Strengths of this analysis include four timepoints to assess response bias, high initial response (61.7%) and retention (39.6% of respondents completed at least three of four surveys) rates, utilisation of clinically validated screening instruments, and implementation of quota sampling and survey weighting to improve sample representativeness by national estimates for gender, age and race/ethnicity. Moreover, multiple types of survivorship bias were assessed, including differential demographic attrition and demographic-adjusted assessment of both initial mental health as well as odds of participation in follow-up surveys based on changes to mental health over the initial two surveys. Finally, bias was assessed both cross-sectionally and longitudinally. The findings in this report are also subject to limitations. First, while this analysis focused on survivorship bias, these data may be subject to other biases, including recall and response biases (Infante-Rivard and Cusson, Reference Infante-Rivard and Cusson2018; Adams et al., Reference Adams, Hill, Howard, Dashti, Davis, Campbell, Clarke, Deary, Hayward, Porteous, Hotopf and McIntosh2020); however, quota sampling and survey weighting were employed to reduce demographic-related response bias. Second, though strategies were used to improve sample representativeness, and this Internet-based survey sample should represent the adult U.S. population by gender, age and race/ethnicity, it may not fully represent all U.S. adults, especially with regards to Internet access. Third, April-2020 respondents who did not respond to invitations to complete surveys in either May-2020 or June-2020 were not invited to complete September-2020 surveys, so these respondents did not have the opportunity to complete September-2020 surveys. However, after having declined two successive invitations, it is unlikely that a substantial number of these respondents would have completed September-2020 surveys. Finally, portions of the sample were oversampled from the New York City and Los Angeles metropolitan areas. However, all 50 states and Washington D.C. were represented, and this analysis was not designed to produce national population estimates for adverse mental health symptoms. Nevertheless, sensitivity analyses were conducted for all regression models on the subset of 3008 nationwide respondents (i.e. excluding respondents intentionally recruited from the N.Y.C. and L.A. metropolitan areas). The magnitude and significance of associations between survey completion and adverse mental health symptoms were largely maintained, indicating that the inclusion of oversampled N.Y.C. and L.A. respondents did not systematically bias the findings.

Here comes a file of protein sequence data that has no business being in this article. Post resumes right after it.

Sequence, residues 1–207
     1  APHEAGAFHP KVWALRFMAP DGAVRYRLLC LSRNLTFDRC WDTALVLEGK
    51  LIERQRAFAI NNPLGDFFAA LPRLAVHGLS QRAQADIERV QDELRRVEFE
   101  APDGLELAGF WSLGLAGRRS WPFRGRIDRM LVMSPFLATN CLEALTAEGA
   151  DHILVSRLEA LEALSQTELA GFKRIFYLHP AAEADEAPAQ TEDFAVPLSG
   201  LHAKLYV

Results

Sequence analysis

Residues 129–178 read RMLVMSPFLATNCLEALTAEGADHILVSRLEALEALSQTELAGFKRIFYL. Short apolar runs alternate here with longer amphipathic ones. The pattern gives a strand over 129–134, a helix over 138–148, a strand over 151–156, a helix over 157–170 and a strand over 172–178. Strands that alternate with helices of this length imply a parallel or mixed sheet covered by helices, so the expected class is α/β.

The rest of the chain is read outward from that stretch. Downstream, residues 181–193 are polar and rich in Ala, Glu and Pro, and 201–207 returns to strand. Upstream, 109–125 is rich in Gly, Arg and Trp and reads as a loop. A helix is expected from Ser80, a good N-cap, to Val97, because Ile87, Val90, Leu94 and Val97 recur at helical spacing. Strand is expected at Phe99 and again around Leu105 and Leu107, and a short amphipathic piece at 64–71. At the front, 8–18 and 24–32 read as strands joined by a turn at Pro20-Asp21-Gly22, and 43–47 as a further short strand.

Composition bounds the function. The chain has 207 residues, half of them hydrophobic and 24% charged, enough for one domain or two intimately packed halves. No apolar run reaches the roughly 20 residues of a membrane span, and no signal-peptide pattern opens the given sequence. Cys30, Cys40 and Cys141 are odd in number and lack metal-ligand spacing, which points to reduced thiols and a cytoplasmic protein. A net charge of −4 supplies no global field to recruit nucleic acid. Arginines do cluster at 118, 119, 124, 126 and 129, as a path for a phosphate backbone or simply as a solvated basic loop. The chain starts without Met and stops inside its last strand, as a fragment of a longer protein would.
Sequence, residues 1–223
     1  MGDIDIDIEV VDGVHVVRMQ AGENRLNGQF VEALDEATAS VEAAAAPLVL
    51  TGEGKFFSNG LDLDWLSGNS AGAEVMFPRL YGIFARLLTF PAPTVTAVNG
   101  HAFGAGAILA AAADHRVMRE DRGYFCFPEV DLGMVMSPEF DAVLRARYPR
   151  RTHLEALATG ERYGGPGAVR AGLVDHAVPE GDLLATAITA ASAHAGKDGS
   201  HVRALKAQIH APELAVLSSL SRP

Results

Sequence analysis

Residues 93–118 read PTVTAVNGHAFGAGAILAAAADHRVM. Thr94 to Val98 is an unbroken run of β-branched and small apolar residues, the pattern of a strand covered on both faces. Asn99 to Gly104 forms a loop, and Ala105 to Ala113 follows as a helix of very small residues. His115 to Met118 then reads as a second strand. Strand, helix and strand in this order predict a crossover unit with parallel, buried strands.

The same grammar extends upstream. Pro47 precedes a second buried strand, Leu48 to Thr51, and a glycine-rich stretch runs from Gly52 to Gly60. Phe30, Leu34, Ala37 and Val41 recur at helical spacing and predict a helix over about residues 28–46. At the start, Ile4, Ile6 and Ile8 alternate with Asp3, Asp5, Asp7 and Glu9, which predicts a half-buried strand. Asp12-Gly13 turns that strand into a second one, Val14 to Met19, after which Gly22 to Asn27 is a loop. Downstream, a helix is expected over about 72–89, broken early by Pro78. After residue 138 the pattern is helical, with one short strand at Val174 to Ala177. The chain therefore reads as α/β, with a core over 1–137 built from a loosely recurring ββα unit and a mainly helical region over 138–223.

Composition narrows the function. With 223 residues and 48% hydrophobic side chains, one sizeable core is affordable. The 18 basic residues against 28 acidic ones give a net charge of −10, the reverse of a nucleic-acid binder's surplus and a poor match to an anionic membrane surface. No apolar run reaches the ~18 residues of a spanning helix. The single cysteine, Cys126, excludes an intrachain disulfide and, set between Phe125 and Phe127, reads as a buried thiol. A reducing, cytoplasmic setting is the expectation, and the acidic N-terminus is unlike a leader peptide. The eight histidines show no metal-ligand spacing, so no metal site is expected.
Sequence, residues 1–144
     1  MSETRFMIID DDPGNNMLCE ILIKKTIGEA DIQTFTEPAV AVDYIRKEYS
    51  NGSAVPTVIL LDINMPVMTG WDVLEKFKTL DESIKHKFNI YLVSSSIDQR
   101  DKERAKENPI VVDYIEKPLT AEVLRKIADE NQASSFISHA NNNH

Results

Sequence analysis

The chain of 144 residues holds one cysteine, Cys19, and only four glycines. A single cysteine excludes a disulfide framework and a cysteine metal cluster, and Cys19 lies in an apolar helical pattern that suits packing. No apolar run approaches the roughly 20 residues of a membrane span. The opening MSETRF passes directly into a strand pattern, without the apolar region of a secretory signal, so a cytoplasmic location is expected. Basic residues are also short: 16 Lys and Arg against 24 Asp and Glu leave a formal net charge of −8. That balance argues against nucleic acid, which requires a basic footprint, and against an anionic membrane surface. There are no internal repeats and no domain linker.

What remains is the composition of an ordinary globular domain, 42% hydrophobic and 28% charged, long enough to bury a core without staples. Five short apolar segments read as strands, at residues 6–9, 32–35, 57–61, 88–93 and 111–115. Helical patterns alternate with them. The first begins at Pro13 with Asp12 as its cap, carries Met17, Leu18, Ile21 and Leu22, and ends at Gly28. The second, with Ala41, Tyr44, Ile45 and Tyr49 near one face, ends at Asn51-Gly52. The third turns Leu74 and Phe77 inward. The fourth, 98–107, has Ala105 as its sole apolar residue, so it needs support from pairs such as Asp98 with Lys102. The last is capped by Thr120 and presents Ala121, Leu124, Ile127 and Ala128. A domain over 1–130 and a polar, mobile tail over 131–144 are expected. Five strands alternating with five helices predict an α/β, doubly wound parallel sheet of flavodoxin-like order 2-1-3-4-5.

Longitudinal survey-based assessment of mental health is a useful and widely used research method that can provide important insights gained from monitoring the same participants over time. However, our data demonstrate that analysing mental health trends among only individuals who consistently respond to longitudinal mental health surveys can lead to overly optimistic interpretations of mental health trends by excluding individuals who less frequently respond to follow-up survey invitations. Survivorship bias assessment should therefore be among bias assessments (Sanderson et al., Reference Sanderson, Tatt and Higgins2007; Mayeda et al., Reference Mayeda, Tchetgen Tchetgen, Power, Weuve, Jacqmin-Gadda, Marden, Vittinghoff, Keiding and Glymour2016; Griffith et al., Reference Griffith, Morris, Tudball, Herbert, Mancano, Pike, Sharp, Sterne, Palmer, Davey Smith, Tilling, Zuccolo, Davies and Hemani2020; Czeisler et al., Reference Czeisler, Wiley, Czeisler, Rajaratnam and Howard2021d) applied before conclusions based on repeated assessments from participants in a longitudinal study are generalised, and decisions regarding the allocation of mental health resources should be informed by studies with measures to reduce these various biases. These data have critical implications for the design of future studies and interpretation of data from published papers and ongoing surveillance studies with longitudinal study designs, both during and beyond the COVID-19 pandemic.
All relevant data supporting the findings in this study are available from the corresponding author upon reasonable request. Reuse is permitted only following a written agreement from the corresponding author and primary Institution.
We thank all survey respondents, along with Laura K. Barger, Ph.D. (Brigham & Women's Hospital, Harvard Medical School), Rebecca Robbins, Ph.D. (Brigham & Women's Hospital, Harvard Medical School), Elise R. Facer-Childs, Ph.D. (Monash University) and Matthew D. Weaver, Ph.D. (Brigham & Women's Hospital, Harvard Medical School) for their contributions to the initial survey instrument for The COPE Initiative.